When I was heavy in my eating disorders, the holidays were miserable. Constant thoughts of should I indulge? or does anyone think I'm eating too much? too little? Do my cousins think I'm fatter this year? Are they all going to talk about it when I leave? Not only was I worried about what other people were thinking. I was also just coping. Having EDs are torture on their own. Having them during Christmas? I'd rather get coal. Seriously. My depression was darker than that. Even when you're actively in recovery, your mind is filled with worried thoughts: Is this a binge? Is this intuitive eating? Will this set me back? Should I tell someone?

A lot of times I thought I should tell someone. Just one person. She'll help me if I'm bingeing or if I'm restricting. And then my ED voice would come in...why would you wan to give up your ED now? After all this time, just keep it through the holidays. I knew if I told someone, I was committing to recovery and that was really scary - to give something I had lived with for nearly a decade.


Tip 1 (ED/D): Accept overeating.

Yep, you can do it. It is not a weakness to eat more than one cookie. You won't get fat. Your training won't go to waste. If you go in to the holidays with an anti-restrictive attitude you are less likely to binge.


With eating disorders comes depression. My cousins make me happy AF and my aunts literally give me the same reassurance and esteem as they would a stranger who just climbed Everest. But again, that doesn't cure my depression. Holidays are supposed to be filled with excitement and enthusiasm. In general, I'm not a very enthusiastic person. I always think people should know this by now, yet I always feel like I'm disappointing them when I don't dive in, wide armed, ready for an unnecessary hug. I remember being so stressed out leading up to the holidays, everyone looking at me in my outfit, my energy levels weren't even fast enough for a sloth.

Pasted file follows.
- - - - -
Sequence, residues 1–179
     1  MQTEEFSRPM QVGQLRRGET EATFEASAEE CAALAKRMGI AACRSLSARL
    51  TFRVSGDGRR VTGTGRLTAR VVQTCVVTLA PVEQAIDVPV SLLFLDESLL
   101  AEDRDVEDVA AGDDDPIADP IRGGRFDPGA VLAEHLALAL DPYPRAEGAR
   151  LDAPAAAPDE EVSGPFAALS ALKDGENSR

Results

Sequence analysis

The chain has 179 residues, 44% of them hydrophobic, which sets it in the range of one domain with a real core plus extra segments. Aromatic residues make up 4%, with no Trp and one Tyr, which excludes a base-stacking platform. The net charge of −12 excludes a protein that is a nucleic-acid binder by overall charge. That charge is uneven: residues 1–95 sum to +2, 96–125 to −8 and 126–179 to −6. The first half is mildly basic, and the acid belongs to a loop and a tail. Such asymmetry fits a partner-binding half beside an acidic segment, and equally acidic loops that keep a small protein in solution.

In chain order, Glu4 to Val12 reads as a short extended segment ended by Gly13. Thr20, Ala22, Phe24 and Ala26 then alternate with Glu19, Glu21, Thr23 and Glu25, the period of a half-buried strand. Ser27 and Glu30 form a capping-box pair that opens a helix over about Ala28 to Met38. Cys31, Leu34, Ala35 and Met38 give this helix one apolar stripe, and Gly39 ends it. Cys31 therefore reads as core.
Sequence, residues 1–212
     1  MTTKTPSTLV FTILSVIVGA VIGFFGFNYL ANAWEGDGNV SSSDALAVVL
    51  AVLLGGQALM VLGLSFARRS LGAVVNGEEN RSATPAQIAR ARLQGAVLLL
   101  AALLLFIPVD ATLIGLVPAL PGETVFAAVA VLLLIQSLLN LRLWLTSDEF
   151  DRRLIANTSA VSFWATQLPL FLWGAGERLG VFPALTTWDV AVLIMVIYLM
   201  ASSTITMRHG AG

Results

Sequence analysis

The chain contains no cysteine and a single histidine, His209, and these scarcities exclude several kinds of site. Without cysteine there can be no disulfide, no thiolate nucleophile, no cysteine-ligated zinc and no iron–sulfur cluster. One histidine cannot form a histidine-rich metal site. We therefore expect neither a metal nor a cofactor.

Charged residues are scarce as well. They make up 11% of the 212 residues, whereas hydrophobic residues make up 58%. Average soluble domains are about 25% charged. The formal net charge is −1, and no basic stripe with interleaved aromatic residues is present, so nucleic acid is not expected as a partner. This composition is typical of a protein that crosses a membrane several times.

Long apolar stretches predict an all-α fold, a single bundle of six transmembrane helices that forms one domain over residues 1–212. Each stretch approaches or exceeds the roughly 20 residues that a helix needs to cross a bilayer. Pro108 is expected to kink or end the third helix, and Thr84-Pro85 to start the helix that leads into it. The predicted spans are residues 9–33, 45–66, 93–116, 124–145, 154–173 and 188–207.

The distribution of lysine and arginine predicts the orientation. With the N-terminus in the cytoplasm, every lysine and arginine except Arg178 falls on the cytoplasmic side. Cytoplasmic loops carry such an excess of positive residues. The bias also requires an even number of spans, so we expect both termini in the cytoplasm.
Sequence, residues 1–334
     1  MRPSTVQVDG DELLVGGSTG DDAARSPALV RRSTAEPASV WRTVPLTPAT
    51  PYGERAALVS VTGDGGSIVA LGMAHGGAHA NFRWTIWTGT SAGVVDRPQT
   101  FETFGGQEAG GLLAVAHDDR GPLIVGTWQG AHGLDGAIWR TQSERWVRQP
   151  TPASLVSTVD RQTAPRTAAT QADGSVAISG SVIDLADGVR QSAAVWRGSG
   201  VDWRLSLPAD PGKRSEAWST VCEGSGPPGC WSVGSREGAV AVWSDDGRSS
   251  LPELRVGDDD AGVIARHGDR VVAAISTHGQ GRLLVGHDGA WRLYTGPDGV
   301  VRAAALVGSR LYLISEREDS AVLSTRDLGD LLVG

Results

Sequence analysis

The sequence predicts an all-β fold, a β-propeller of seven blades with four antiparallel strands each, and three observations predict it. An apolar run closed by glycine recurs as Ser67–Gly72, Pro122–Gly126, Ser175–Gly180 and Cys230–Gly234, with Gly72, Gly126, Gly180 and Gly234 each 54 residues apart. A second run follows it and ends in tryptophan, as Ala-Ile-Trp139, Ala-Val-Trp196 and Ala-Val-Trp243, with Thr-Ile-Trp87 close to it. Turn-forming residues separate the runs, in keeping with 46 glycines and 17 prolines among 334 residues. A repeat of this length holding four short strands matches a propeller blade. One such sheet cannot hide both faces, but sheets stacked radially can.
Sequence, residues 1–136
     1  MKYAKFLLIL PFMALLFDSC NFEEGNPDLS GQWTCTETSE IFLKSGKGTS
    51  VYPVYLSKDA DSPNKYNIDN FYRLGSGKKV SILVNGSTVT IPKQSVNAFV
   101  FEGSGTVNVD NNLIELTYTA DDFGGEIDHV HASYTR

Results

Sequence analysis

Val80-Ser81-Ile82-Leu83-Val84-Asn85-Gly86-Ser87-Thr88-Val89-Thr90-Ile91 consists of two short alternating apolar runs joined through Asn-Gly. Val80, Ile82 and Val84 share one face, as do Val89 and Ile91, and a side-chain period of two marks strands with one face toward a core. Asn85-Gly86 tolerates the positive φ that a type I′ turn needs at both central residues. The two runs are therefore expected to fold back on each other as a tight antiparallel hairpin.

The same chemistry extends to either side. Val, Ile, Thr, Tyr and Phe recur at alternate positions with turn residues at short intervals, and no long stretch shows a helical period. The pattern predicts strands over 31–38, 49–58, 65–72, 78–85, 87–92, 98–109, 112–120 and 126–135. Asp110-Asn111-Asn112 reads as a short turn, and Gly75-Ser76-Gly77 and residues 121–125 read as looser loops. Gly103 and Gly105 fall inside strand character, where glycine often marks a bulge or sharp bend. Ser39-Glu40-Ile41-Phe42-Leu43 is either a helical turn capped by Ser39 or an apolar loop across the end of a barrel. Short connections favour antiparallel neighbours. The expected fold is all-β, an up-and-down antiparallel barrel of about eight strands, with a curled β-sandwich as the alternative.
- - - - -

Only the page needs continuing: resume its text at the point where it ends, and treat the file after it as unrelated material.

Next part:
Tip 2 (F): Do not say things like "Cheer up" or "It wouldn't hurt to smile."
There is a 100% chance the person will not do either of these things. This applies for all aspects of life. It's hurtful. It sounds like you're saying the person isn't good enough. And when you have an eating disorder, it sounds like you're saying that person's looks are displeasing to you. If you think something is wrong, ask them separately.

Tip 3 (F): Do not comment on how anyone looks.